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Who would actually use web based Office?

Since there are currently already a hand full of websites that offer web based Office productivity applications to the masses, I'm wondering if all the webification proponents are actually going to drink their own Kool-Aid and ditch their PCs or at least ditch all of their traditional native desktop applications. I'd like to see them do this now or tell us when and under what circumstances will they to do this.
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Written by George Ou on

There has been a lot of hoopla over Web-based Office applications lately along with renewed premature obituaries for the PC.  With the Google and Sun announcement of a collaboration with OpenOffice.org and Java adding fuel to the fire, the hype surrounding the death of the PC and the webification of the world will reach a feverish pitch.  Since there are currently already a hand full of websites that offer web based Office productivity applications to the masses, I'm wondering if all the webification proponents are actually going to drink their own Kool-Aid and ditch their PCs or at least ditch all of their traditional native desktop applications.  I'd like to see them do this now or tell us when and under what circumstances will they to do this.

While it's true that many bloggers might use tools like Wordpress to do all of their editing and posting, that isn't exactly the entire Office productivity suite.  If we take a look at what's out there for web-based Office applications, they typically address email, word processing, and spreadsheets.  The intuitive drag-and-drop features and the rich GUIs we've become accustomed to are either non-existent or sorely lacking in every web application in the world.  There is literally nothing that a web-based application can do better than a natively compiled application other than the fact that it can run on multiple operating systems.  While OS portability may please the opponents of the Monoculture, it does absolutely nothing for the 90% of the world that runs on the Windows operating systems -- other than take them back to the stone age of computing experience.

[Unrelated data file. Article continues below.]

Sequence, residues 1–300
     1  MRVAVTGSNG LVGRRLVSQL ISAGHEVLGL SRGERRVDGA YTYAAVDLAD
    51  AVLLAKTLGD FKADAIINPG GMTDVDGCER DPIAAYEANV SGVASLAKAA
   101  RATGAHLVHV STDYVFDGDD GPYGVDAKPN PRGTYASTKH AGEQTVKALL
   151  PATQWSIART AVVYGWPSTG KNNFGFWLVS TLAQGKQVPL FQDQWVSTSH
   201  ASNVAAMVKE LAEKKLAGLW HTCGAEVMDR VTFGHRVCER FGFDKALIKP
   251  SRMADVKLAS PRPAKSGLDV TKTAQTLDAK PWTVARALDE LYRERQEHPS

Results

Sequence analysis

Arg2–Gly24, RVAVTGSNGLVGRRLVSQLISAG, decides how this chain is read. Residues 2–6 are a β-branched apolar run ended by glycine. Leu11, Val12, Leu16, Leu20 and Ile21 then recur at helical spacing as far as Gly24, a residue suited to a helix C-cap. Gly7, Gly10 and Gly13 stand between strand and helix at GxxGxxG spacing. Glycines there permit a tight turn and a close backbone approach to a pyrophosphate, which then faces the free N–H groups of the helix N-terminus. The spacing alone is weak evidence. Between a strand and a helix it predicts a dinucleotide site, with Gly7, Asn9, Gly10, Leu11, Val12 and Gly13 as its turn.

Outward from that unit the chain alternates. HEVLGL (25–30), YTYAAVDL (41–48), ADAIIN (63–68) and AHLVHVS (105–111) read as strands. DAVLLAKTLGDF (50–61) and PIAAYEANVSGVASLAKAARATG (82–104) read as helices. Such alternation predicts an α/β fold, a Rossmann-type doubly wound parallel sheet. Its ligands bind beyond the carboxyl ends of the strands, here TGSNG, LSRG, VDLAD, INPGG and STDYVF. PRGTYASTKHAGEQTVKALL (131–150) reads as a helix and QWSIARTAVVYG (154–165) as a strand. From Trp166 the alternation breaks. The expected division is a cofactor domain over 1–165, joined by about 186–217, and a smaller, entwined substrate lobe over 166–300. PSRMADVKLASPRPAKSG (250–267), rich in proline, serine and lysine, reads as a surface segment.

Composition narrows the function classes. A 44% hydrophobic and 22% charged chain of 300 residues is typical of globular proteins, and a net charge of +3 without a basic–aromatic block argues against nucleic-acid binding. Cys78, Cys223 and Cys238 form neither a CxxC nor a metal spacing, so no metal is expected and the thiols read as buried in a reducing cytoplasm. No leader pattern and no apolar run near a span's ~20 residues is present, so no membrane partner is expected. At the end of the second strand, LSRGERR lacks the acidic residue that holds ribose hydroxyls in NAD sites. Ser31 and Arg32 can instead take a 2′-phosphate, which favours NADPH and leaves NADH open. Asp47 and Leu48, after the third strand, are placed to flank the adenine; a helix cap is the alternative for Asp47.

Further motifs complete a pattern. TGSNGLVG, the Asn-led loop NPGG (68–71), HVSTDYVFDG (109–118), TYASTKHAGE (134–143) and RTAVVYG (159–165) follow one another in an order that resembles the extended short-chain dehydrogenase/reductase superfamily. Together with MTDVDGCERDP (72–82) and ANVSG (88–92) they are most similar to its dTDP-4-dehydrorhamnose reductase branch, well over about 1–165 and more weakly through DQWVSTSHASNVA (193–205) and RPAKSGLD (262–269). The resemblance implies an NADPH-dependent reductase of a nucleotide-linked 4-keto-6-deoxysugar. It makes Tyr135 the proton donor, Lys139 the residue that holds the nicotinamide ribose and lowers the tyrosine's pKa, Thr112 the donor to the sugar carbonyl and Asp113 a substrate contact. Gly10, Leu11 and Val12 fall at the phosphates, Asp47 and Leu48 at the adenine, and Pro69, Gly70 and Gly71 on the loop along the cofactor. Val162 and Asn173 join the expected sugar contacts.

Are native desktop applications really so horrible that people are eager to do a wholesale replacement and reduce our entire computing experience to a web browser?  I still prefer the richness and responsiveness of a native Win32 application to do all my blog compositions and then I'll cut-paste into Wordpress to publish my work.  I'll switch to Linux and OpenOffice.org or even buy a Mac long before I'll touch a glorified dumb terminal.  It doesn't matter that I usually have continuous access to the Internet; I appreciate the ability to work offline with zero dependencies on some servers or the routers on the Internet to be responsive.  I hate waiting for http round trips for my user interface to respond and I demand that my applications are snappy and responsive.

If we look at two of the most feature-rich web applications in the world like Outlook Webmail 2003 and Scalix Webmail, which recently surpassed Microsoft's web-based offering, both are second class compared to the real Outlook 2003 client.  Like all web-based applications, neither Outlook nor Scalix Webmail will work offline and they can't match the richness and responsiveness of the real Outlook client.  While it's always handy to be able to get to the corporate mail server from any computer with web connectivity, I've never met a single person who actually prefers the web browser experience over the traditional Outlook client if they have a choice.

The one area that web applications excel over most native applications is that they simply work anywhere with Web connectivity without the need for a VPN.  There are even situations when VPN clients don't work because a corporate proxy or firewall isn't compatible or doesn't permit VPN traffic.  Now that traditional applications have started tunneling through SSL, coupled with the fact that SSLVPN solutions have almost matured to the level of IPSEC VPN solutions, the connectivity advantage is no longer so compelling.  Outlook 2003, for example, can connect directly to a corporate exchange server via SSL using a technology called RPC over HTTP which can go through any proxy server or corporate firewall regardless of a no-VPN policy.  Outlook 2003 simply fires up from anywhere on the net and establishes a secure SSL session with the corporate backend Exchange 2003 server in a matter of a few seconds.  For those looking for a Microsoft Exchange alternative, Scalix is coming on strong with their Linux-based solution and they're even willing to support SSL tunneling on older versions of Outlook using the Scalix Outlook plug-in.

What seems to happen every time a new technology comes along is that it gets over-hyped to be the answer to all our problems.  Web applications offer a decent alternative when the native desktop application isn't available or when it's a quick and dirty simple application, but it is not a replacement.  There is a place for web applications but the dependency on the web, the sluggishness, and the primitive user interface shows us that the demise of the PC is nothing more than a dream.


Editor's note: See ZDNet's special report for additional news and views on the Sun-Google partnerhsip.

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